In the latest issue of the medical journal The Lancet, Grenadian Dr. Inés M. Fernandez-Guerrero described the symptoms of a 34-year-old woman: "Bilateral wrist pain with sudden onset upon waking up one morning." The woman, who was 27 weeks pregnant, "had no history of trauma and had not engaged in any excessive physical activity in the previous days."
The doctor, who works at Granada's General University hospital, carried out further physical examinations, but it was the patient's activities on Christmas Eve that led to the novel diagnosis: She has spent six hours talking on the WhatApp application on her 130-gram cellular phone, resulting in bilateral wrist pain.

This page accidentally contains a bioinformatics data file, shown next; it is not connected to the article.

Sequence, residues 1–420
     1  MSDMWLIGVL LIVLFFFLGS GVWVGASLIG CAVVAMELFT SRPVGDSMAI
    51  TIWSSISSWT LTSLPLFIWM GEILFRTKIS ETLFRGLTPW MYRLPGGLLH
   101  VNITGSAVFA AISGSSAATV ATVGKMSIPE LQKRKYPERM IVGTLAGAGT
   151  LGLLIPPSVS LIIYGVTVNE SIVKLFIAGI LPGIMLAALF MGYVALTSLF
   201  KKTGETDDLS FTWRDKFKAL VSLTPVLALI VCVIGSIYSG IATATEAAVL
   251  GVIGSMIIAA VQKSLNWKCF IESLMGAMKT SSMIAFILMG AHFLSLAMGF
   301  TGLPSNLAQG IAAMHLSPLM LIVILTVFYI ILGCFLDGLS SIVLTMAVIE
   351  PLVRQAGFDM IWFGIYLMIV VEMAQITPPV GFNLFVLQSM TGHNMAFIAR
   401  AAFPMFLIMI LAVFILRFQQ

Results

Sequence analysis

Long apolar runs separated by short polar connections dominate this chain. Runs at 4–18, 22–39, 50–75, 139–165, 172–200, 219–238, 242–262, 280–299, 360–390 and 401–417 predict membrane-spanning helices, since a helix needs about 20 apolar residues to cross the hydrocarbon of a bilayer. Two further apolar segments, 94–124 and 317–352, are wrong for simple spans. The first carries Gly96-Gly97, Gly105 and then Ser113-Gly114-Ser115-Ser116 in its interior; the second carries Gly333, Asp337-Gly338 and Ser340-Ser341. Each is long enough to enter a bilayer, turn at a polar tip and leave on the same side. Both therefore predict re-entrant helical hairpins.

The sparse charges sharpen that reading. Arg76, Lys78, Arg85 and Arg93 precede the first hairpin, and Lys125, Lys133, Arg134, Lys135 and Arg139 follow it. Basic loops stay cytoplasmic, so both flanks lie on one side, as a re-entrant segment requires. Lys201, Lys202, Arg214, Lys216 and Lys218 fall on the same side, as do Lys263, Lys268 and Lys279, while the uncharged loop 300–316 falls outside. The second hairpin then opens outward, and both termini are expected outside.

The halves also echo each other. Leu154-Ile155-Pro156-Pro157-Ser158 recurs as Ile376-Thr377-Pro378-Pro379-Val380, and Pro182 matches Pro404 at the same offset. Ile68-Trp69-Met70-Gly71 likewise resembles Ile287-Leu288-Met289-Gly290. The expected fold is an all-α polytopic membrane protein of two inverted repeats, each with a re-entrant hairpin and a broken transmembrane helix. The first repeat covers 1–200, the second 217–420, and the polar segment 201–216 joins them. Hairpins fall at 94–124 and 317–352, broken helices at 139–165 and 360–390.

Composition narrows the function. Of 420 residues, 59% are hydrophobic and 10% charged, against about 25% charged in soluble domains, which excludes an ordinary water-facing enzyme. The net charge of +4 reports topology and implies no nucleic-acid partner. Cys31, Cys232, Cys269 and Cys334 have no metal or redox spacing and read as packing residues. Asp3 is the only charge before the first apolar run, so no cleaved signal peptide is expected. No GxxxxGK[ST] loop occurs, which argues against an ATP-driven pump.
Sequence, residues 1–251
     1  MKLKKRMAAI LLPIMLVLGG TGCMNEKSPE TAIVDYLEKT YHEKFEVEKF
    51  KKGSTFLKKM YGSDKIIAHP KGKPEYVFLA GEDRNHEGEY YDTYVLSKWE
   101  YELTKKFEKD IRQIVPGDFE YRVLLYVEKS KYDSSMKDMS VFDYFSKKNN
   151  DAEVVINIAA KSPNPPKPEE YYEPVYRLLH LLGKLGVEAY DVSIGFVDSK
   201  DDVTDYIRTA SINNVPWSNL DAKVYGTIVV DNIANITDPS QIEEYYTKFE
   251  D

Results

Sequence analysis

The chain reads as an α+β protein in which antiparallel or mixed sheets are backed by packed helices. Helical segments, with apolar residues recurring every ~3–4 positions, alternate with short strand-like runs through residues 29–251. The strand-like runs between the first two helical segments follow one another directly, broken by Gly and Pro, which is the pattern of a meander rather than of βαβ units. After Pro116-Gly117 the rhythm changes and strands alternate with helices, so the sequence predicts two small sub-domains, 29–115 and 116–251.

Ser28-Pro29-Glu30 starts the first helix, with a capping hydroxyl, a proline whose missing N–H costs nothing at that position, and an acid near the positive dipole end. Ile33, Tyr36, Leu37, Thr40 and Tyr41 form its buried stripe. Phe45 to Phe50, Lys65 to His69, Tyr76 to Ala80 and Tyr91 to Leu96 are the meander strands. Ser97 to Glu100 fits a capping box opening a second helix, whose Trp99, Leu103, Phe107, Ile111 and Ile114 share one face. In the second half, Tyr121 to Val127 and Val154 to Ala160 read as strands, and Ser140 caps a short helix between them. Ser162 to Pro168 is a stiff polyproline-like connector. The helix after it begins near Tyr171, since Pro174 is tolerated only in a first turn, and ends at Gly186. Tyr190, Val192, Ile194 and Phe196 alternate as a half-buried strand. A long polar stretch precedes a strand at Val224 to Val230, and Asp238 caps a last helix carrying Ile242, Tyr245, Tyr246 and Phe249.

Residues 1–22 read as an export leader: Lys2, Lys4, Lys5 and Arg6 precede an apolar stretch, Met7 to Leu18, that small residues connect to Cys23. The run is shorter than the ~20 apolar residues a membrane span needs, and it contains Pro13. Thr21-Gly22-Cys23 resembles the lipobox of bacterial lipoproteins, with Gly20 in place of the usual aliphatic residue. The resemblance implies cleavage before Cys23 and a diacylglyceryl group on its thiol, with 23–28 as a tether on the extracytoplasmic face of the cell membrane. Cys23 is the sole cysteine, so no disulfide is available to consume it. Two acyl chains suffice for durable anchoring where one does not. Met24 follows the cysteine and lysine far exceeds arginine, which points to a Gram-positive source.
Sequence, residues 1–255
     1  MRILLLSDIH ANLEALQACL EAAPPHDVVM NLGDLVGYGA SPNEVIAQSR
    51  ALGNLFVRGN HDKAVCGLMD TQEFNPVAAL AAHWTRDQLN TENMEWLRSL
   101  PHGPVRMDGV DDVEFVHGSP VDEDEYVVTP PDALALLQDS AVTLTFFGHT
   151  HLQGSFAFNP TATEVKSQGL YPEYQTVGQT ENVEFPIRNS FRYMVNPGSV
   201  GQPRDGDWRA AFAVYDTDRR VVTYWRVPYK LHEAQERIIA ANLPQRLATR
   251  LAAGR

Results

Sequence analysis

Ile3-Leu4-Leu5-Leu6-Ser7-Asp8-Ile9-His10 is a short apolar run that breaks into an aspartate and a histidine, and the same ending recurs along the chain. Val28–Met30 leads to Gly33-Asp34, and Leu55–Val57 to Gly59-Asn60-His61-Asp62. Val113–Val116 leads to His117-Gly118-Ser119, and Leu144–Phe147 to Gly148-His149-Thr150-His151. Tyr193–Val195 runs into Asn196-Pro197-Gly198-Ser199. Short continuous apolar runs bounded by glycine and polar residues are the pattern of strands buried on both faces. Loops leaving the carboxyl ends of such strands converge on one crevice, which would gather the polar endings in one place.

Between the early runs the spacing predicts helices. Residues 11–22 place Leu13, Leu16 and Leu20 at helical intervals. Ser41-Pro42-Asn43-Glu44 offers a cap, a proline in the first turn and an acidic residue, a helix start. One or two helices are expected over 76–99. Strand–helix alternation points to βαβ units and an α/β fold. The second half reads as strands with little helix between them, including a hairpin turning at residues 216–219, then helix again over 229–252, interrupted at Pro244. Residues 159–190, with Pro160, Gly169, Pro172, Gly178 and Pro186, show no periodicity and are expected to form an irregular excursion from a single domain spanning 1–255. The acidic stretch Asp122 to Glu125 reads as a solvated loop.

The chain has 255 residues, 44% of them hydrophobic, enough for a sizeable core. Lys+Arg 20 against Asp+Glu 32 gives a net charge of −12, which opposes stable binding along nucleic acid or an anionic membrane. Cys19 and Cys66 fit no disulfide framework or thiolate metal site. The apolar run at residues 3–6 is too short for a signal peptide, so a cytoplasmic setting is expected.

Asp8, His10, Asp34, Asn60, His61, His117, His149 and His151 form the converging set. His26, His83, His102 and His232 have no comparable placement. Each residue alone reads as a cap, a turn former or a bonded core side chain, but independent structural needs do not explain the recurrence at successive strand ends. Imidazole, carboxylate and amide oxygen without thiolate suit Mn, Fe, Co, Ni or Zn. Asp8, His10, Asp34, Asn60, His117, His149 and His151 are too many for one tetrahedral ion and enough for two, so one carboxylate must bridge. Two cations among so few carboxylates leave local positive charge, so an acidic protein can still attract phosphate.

In short, the Dr. concluded, the woman had WhatsAppitis. And the treatment called for "complete abstinence from using the phone" (along with some anti-inflammatory drugs).
The case is reminiscent of "Nintendinitis" (or "Nintendo thumb," or "gamer's grip") first described by doctor in the 1990s. Those injuries were associated with playing video games, and manifested themselves in a variety of symptoms, from blisters to carpal tunnel syndrome.